The Bombay influenza was responsible for the deaths of around 10 to 20 million people in India
As India attempts to tackle the novel coronavirus outbreak (COVID-19) — responsible for more than 7,000 deaths across the world — a similar outbreak in 1918 can be the source of many important lessons for the country.
The infamous ‘Spanish Influenza’ of 1918 has many parallels to the current outbreak, according to experts.
The ‘Spanish flu’, as it was also known, was initially noticed in military camps during World War I. Countries fighting the war — Britain, Germany, France and the US — however, kept it secret to reportedly keep the morale of the forces high.
When the disease emerged in Spain, the outbreak was reported with accuracy and was hence dubbed the Spanish Flu.
The flu reached the shores of Mumbai — then known as Bombay — on May 1918.
It was responsible for the deaths of around 10 to 20 million people in India: A fifth of the total number of 50 to 100 million deaths across the world.
The severity of the disease in Mumbai led researchers to call it ‘The Bombay Influenza’ or ‘The Bombay Fever’.
“In one day alone, 6 October 1918, there were 768 registered deaths from influenza in Bombay city,” wrote researcher David Arnold, in a paper titled Death and the Modern Empire: The 1918-19 Influenza Epidemic in India.
The Bombay Fever came in two waves.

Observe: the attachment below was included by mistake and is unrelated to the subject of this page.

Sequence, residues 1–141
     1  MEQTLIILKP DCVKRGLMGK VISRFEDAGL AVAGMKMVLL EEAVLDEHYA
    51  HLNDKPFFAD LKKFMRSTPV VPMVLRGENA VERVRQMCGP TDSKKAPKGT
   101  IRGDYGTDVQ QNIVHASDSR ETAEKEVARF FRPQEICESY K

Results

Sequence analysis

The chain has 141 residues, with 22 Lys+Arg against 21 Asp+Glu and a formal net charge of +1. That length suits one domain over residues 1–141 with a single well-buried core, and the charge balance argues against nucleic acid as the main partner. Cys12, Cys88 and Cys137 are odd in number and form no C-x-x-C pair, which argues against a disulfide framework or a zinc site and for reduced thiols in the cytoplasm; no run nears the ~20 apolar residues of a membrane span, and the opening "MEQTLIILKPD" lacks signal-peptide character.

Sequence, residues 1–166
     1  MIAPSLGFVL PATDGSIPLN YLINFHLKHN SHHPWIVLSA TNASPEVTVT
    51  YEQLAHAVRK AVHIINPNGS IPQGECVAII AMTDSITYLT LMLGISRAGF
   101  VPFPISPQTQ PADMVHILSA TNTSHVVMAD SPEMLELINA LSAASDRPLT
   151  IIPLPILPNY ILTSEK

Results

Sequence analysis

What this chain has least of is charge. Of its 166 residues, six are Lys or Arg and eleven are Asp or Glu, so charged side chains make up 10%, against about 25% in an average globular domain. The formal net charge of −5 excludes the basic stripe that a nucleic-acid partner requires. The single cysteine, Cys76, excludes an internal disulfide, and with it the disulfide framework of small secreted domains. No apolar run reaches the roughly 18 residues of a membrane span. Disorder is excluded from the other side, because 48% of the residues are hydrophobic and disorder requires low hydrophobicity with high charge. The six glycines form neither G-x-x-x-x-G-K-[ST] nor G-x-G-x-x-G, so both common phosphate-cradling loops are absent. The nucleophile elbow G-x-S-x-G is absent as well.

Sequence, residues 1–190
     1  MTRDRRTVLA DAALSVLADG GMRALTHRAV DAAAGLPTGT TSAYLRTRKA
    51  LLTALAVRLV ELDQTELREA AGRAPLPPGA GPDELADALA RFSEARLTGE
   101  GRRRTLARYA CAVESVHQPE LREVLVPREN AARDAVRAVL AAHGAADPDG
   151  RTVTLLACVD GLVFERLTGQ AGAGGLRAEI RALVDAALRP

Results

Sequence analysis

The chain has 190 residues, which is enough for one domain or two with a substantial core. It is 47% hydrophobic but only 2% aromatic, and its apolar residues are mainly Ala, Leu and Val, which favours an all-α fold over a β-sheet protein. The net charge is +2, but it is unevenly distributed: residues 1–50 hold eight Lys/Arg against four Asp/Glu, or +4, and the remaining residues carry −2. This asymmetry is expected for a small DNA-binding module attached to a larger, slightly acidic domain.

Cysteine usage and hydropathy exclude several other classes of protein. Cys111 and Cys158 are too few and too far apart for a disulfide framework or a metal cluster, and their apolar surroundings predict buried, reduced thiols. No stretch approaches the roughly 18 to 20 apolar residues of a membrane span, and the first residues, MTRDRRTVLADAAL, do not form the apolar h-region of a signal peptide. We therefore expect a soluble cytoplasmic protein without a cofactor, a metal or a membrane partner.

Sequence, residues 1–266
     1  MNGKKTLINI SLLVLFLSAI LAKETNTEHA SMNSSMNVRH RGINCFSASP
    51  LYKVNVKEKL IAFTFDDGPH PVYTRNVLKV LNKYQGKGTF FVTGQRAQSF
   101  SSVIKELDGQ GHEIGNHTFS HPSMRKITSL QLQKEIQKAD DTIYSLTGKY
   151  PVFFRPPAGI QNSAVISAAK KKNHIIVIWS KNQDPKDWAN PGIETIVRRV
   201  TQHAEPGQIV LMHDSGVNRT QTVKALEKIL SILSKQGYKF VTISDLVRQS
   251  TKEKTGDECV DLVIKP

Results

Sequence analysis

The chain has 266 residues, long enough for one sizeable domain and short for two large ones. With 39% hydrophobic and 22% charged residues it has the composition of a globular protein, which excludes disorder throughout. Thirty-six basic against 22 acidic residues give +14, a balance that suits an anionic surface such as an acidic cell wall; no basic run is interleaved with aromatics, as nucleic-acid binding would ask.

The first wave affected children and elderly people. The second wave — much more aggressive — claimed the lives of people between the ages of 20 and 40.
Those infected with the disease had very violent deaths. They coughed blood, bled from their ears and noses and suffered extremely painful body aches.
Precautionary measures like self-isolation or self-quarantine were recommended to keep a check on the outbreak at that time.
Similarly, the union and state governments were spurred into issuing several advisories and precautions on March 17, 2020 for citizens, including the closure of movie theatres, shopping malls, postponement of major cultural events and curbing inessential public gatherings.
The government also suspended issuing visas to foreigners.
India must learn from China and South Korea and adopt two measures immediately, development economist and public health expert Amir Ullah Khan was quoted as saying by Livemint.
Large-scale gatherings should be banned and a massive information and awareness campaign on basic hygiene and social protection must be conducted, he said.
We are a voice to you; you have been a support to us. Together we build journalism that is independent, credible and fearless. You can further help us by making a donation. This will mean a lot for our ability to bring you news, perspectives and analysis from the ground so that we can make change together.
Comments are moderated and will be published only after the site moderator’s approval. Please use a genuine email ID and provide your name. Selected comments may also be used in the ‘Letters’ section of the Down To Earth print edition.